still works like a charm in all weathers.

Mines 15yr, but being the ground here is largely flat, the hand brake rarely gets used.
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Message 1556524 - Posted: 14 Aug 2014, 3:22:19 UTC - in response to Message 1556521.  

I use three ways of securing the car -- even if not parked on a hill:

3) "Curb" the front wheels (if curb available).


I've always had trouble remembering which way to turn the wheels on a hill.

So if it rolls it rolls out of the street, not into the street.
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Message 1556526 - Posted: 14 Aug 2014, 3:25:01 UTC - in response to Message 1556524.  

I use three ways of securing the car -- even if not parked on a hill:

3) "Curb" the front wheels (if curb available).


I've always had trouble remembering which way to turn the wheels on a hill.

So if it rolls it rolls out of the street, not into the street.


I know that's the idea, but it's not intuitive to me which way turning the tires accomplishes that.
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Message 1556542 - Posted: 14 Aug 2014, 4:25:30 UTC - in response to Message 1556526.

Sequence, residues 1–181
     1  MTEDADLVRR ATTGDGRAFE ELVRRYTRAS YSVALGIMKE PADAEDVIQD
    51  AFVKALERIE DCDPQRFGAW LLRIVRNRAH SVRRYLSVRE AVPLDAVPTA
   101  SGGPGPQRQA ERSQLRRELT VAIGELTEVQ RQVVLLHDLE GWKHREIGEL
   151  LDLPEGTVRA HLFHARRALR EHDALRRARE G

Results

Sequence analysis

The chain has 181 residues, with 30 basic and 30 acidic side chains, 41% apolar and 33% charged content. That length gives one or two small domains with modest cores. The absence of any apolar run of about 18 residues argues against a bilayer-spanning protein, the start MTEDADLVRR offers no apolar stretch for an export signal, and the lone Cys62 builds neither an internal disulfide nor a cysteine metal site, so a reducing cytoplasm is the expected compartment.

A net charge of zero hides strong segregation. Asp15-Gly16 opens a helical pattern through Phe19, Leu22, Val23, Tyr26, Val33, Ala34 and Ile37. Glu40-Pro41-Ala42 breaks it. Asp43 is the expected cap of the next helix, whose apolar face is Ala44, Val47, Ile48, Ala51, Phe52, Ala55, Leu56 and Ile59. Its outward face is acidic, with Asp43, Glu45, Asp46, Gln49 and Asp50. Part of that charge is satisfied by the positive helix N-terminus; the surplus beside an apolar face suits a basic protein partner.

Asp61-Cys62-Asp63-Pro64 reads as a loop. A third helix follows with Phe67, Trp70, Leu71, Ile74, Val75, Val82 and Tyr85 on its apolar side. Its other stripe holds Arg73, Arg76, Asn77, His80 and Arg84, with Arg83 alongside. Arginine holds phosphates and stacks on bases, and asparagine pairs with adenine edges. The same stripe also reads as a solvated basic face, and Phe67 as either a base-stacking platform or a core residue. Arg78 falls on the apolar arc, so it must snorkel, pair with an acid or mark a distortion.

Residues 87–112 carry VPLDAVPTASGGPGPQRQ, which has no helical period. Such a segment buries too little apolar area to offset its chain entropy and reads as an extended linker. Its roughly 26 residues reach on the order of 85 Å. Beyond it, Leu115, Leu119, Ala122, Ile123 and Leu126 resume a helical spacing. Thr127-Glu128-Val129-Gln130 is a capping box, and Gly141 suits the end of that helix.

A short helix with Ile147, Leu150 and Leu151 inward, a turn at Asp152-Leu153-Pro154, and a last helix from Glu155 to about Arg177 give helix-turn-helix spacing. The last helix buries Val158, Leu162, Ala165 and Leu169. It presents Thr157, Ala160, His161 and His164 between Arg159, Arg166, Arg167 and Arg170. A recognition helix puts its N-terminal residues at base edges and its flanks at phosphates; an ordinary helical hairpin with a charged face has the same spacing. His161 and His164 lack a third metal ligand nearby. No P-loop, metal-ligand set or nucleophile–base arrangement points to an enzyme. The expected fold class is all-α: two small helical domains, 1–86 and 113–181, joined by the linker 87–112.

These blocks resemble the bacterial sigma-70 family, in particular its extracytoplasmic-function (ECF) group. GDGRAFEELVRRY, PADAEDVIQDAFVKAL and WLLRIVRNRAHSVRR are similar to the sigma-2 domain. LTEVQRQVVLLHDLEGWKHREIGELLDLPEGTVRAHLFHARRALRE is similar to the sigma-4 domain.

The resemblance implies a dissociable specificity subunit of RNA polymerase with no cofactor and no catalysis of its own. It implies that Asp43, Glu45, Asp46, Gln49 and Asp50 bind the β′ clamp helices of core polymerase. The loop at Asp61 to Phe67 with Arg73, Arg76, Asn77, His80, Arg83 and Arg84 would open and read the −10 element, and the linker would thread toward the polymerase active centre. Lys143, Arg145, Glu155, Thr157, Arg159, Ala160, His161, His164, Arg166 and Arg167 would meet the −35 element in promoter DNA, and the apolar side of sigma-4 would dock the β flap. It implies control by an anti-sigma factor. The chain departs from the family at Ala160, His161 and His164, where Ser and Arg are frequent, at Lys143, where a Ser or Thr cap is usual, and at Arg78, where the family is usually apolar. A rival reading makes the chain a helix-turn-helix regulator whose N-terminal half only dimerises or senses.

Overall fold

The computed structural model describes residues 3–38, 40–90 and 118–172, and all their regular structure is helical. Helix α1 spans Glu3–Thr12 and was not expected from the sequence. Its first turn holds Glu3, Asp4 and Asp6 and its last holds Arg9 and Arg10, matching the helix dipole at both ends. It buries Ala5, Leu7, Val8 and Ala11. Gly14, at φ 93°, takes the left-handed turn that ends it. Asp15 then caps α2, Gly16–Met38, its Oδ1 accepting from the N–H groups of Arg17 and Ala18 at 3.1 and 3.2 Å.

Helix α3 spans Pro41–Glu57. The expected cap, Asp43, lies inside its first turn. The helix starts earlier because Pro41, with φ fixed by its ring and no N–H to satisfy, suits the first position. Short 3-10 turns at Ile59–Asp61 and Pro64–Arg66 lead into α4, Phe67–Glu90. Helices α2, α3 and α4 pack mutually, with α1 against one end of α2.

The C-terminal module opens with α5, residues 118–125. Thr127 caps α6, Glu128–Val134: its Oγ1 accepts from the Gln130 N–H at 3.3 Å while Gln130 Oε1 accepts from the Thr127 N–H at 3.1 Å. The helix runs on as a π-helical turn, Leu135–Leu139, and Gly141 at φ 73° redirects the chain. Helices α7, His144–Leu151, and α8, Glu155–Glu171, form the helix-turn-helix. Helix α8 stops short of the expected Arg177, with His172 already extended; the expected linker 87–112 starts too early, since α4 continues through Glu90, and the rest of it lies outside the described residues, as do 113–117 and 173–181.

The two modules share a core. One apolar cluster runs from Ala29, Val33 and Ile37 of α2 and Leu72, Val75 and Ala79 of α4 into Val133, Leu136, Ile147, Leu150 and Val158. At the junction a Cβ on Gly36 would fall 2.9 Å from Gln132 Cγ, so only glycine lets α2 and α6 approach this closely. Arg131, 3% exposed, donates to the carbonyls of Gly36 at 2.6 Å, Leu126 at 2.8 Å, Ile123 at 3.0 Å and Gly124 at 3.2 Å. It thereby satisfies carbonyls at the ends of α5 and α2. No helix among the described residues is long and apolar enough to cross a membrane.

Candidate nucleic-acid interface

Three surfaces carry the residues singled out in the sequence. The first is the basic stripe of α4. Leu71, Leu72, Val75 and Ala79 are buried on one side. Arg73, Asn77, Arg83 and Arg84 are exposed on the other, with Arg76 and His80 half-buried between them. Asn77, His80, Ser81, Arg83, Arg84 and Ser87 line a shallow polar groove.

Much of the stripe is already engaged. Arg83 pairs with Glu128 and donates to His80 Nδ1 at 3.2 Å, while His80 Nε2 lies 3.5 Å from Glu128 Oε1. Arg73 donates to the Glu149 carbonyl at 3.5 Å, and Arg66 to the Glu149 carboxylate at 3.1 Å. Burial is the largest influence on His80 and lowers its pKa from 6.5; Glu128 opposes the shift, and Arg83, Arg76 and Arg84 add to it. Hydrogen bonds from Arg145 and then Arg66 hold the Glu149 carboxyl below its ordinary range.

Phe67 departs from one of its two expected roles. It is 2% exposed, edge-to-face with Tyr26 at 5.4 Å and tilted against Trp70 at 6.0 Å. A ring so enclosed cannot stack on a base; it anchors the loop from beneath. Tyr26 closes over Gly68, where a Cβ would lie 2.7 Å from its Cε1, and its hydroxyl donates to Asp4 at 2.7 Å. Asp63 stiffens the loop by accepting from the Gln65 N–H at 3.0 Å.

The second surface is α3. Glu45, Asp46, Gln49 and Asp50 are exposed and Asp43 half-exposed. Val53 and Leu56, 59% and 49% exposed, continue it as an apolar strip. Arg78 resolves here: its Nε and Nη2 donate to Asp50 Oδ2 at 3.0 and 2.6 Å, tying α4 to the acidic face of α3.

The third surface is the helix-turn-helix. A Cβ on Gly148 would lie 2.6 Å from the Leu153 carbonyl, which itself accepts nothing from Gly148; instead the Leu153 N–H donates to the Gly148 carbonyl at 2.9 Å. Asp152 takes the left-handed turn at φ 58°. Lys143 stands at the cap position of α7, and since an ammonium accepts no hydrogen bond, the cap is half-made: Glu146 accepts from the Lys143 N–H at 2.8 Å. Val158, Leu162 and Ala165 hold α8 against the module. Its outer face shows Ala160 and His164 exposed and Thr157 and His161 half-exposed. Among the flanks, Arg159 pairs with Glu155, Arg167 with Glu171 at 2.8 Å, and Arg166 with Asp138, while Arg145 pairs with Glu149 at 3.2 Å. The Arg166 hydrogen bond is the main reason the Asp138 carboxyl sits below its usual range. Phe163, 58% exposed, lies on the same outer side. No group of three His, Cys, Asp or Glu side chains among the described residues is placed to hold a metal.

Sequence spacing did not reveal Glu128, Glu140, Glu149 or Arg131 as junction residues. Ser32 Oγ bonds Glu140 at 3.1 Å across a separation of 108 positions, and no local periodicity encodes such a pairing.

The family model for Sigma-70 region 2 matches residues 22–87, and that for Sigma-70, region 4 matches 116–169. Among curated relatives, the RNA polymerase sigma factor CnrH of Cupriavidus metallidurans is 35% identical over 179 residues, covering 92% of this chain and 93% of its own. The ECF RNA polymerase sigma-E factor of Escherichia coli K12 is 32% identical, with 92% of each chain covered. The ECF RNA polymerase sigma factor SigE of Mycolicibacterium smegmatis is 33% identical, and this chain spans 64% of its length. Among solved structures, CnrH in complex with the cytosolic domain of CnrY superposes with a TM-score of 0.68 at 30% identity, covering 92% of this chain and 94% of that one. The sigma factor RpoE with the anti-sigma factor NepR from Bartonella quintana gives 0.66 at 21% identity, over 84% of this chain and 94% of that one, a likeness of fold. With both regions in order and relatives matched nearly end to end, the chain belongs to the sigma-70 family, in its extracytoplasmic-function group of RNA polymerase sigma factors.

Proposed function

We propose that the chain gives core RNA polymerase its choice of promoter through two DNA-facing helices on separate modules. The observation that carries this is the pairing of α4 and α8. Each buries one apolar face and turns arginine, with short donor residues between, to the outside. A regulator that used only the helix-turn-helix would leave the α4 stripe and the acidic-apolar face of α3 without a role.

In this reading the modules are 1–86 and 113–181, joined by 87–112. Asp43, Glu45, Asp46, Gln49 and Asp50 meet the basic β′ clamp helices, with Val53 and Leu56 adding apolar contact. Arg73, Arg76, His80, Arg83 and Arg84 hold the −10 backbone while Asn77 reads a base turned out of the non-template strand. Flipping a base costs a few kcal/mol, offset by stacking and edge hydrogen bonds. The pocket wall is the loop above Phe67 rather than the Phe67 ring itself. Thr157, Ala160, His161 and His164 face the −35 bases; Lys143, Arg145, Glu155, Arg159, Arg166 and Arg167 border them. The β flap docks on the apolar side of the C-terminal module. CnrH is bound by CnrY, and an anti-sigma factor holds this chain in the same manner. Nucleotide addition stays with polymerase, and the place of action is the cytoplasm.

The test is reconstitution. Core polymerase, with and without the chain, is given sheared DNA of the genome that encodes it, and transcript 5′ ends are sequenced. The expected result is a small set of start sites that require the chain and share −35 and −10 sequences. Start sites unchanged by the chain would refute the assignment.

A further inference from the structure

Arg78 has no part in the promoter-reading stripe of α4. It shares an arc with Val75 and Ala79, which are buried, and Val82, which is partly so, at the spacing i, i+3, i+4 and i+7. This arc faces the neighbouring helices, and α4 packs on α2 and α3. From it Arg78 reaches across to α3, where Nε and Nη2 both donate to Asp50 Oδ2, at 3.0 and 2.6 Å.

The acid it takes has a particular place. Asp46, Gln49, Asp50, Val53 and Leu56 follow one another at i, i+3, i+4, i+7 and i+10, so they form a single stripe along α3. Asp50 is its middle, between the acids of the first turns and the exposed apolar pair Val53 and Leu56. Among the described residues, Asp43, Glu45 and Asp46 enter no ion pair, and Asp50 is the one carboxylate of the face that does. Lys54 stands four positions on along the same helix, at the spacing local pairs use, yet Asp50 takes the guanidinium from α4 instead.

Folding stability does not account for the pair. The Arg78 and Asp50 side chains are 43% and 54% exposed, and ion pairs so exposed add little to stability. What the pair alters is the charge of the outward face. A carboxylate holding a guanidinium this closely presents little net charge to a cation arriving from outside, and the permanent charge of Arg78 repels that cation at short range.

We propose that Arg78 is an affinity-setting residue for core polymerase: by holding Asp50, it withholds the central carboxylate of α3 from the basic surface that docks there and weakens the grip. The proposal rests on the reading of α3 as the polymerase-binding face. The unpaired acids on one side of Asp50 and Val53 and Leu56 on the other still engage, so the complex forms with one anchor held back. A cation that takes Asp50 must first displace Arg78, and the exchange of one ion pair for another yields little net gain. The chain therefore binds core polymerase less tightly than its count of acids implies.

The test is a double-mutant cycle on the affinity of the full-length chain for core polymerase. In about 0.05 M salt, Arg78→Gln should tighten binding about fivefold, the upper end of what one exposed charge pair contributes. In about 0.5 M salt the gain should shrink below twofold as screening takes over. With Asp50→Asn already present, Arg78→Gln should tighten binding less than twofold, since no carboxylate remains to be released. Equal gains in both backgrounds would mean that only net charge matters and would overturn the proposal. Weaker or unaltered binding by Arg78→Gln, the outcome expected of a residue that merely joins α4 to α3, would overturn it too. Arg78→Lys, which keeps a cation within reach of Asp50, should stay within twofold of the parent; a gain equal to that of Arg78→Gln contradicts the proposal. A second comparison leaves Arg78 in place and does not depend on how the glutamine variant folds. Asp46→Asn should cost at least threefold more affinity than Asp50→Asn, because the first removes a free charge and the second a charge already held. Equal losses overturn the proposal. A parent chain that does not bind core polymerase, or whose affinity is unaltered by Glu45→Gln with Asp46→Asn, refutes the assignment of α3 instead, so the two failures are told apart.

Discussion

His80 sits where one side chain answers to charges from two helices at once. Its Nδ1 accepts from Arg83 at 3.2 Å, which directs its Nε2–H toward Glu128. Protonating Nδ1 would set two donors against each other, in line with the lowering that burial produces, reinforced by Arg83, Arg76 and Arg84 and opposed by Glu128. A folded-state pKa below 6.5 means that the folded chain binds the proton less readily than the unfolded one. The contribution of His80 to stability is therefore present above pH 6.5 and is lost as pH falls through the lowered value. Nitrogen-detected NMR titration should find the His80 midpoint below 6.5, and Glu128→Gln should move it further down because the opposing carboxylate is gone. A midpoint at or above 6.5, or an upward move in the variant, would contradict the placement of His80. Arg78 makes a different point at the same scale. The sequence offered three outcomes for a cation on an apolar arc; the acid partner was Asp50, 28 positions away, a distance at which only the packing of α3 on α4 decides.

I use three ways of securing the car -- even if not parked on a hill:

3) "Curb" the front wheels (if curb available).


I've always had trouble remembering which way to turn the wheels on a hill.

So if it rolls it rolls out of the street, not into the street.


I know that's the idea, but it's not intuitive to me which way turning the tires accomplishes that.

just pretend you want to turn onto the side walk.
[/quote]

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Message 1556544 - Posted: 14 Aug 2014, 4:28:49 UTC - in response to Message 1556542.  

I use three ways of securing the car -- even if not parked on a hill:

3) "Curb" the front wheels (if curb available).


I've always had trouble remembering which way to turn the wheels on a hill.

So if it rolls it rolls out of the street, not into the street.


I know that's the idea, but it's not intuitive to me which way turning the tires accomplishes that.

just pretend you want to turn onto the side walk.


Ok, I can wrap my head around that. :~) Thanks, James.